Location: Oakland, CA, United States
Completion date: 2015
Artwork budget: $4,000
N. Claire Napawan
#OurChangingClimate is a digital humanities and environmental design project that encourages diverse communities to observe and critique their everyday environment through the lens of climate change, and to share those experiences through social media. Community-based workshops helped to support the launch of a digital resilience network and film. This two-minute film links global- and regional-scaled impacts of climate change to the individual-scaled experience of community-members and introduces the preliminary posts and themes that were generated by workshop participants. It encourages viewers to explore and contribute to the network, and gain a new, more personal understanding of climate change.
This digital invitation represents an effort to re-focus the conversation on climate change from global-scaled environmental impacts to one that recognizes the importance of the personal and everyday ways in which community members experience these impacts. Thus the film was conceived to 1. Synthesize participatory workshop content, 2. Introduce the preliminary digital network created by community-members, 3. Invite new participants to contribute their own experiences to the network, and 4. Support sharing capability on existing social media networks.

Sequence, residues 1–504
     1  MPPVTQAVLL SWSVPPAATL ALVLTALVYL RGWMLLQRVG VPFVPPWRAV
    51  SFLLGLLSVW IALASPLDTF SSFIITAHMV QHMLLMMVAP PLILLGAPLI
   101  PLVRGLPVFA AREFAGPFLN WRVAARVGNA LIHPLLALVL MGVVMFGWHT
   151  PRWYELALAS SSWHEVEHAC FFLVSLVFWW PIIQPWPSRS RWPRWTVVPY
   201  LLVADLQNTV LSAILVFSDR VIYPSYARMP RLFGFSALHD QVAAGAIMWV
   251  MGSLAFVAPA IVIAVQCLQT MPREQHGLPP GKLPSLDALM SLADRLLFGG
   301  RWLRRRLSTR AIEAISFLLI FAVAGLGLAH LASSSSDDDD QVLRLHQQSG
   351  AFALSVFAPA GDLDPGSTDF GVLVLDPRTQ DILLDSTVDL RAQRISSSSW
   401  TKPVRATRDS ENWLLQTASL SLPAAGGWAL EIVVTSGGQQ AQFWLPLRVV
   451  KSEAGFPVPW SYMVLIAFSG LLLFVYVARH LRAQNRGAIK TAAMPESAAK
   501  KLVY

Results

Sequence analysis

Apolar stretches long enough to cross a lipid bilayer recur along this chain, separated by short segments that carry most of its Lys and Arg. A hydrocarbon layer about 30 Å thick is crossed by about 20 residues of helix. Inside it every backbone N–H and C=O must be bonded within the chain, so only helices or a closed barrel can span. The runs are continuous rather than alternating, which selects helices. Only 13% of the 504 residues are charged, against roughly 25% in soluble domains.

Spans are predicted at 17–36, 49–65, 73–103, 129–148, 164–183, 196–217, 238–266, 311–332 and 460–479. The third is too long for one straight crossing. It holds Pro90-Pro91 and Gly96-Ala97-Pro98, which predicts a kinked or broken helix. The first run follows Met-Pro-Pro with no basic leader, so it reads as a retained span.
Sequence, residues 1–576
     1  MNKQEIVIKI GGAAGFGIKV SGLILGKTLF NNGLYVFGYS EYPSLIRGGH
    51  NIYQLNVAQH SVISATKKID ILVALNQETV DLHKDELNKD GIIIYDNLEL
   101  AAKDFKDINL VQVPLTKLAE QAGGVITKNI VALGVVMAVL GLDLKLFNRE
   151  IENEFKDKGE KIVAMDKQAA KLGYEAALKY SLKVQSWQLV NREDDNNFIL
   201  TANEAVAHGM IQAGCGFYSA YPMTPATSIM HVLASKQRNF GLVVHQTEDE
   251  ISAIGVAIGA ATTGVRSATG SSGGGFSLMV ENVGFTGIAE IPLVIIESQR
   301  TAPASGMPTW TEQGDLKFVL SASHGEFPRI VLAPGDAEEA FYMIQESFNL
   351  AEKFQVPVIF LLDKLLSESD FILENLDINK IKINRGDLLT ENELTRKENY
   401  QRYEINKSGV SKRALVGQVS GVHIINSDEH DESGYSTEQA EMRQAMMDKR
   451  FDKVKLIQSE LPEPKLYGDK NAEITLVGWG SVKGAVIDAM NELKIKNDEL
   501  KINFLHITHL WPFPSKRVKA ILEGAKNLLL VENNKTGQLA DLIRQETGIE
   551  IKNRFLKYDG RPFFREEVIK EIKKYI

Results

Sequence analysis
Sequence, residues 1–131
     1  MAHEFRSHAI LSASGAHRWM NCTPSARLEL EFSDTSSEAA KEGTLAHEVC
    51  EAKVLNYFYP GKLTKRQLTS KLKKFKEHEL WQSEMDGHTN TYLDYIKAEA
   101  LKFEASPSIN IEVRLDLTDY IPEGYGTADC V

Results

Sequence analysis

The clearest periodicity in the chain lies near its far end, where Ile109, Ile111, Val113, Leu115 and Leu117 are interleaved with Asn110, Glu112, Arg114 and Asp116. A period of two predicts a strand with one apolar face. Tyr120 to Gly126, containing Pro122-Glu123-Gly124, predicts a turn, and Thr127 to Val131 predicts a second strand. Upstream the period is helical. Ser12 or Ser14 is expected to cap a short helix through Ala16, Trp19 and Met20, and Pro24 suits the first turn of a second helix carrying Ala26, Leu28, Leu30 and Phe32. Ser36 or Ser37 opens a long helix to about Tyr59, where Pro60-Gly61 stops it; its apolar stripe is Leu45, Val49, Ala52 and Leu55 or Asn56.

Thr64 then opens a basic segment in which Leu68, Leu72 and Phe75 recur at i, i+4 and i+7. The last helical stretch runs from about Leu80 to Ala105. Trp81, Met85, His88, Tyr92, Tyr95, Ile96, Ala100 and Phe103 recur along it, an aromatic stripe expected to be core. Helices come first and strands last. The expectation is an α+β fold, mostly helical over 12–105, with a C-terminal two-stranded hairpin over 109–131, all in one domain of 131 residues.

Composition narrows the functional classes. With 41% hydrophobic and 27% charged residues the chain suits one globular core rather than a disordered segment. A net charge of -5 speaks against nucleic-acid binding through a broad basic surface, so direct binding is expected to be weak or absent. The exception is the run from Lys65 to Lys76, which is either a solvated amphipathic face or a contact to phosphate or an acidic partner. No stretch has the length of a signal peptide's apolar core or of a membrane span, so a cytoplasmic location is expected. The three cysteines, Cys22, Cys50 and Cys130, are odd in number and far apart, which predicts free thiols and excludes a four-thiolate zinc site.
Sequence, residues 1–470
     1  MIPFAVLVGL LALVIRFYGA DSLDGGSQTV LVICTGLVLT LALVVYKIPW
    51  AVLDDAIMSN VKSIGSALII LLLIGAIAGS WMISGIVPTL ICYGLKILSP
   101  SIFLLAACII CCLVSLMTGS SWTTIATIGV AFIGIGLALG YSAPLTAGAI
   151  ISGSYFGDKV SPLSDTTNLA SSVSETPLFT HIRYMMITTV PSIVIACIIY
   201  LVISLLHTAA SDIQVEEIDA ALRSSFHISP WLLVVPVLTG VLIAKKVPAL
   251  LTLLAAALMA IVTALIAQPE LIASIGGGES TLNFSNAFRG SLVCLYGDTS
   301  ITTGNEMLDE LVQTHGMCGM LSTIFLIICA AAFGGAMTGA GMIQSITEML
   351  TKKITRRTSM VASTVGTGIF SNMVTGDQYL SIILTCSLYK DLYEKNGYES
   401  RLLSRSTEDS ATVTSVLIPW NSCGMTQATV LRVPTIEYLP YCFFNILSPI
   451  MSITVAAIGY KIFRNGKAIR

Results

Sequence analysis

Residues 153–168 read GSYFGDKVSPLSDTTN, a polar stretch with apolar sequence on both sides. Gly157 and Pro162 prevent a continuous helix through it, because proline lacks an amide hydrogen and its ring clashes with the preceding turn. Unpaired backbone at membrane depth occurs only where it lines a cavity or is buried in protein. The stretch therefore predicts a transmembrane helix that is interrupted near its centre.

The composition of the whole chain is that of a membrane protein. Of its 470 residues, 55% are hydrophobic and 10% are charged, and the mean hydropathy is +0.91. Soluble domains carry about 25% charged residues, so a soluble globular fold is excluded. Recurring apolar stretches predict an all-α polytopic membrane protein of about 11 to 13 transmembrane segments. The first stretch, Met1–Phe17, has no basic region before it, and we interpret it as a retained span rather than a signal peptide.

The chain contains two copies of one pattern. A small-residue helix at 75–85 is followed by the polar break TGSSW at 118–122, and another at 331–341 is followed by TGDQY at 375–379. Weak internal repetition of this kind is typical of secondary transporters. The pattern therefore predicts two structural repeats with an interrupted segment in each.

#OurChangingClimate represents a collaboration by three environmental designers with expertise in graphics and media design, architecture, landscape architecture, urban design, participatory mapping, and city planning. The project was generously supported by the University of California Humanities Research Institute (UCHRI) and the Hellman Family Foundation and in collaboration with the Oakland-based non-profit, Institute for Sustainable Economic, Education, and Environmental Design (I-SEEED). In addition to our organizational partners, the project included collaboration with San Francisco Bay Area youth groups who contributed to the digital resilience network and conceived of the idea of a digital invitation film. As such, participant youth images, narratives, (and hands) have been integrated with the film content.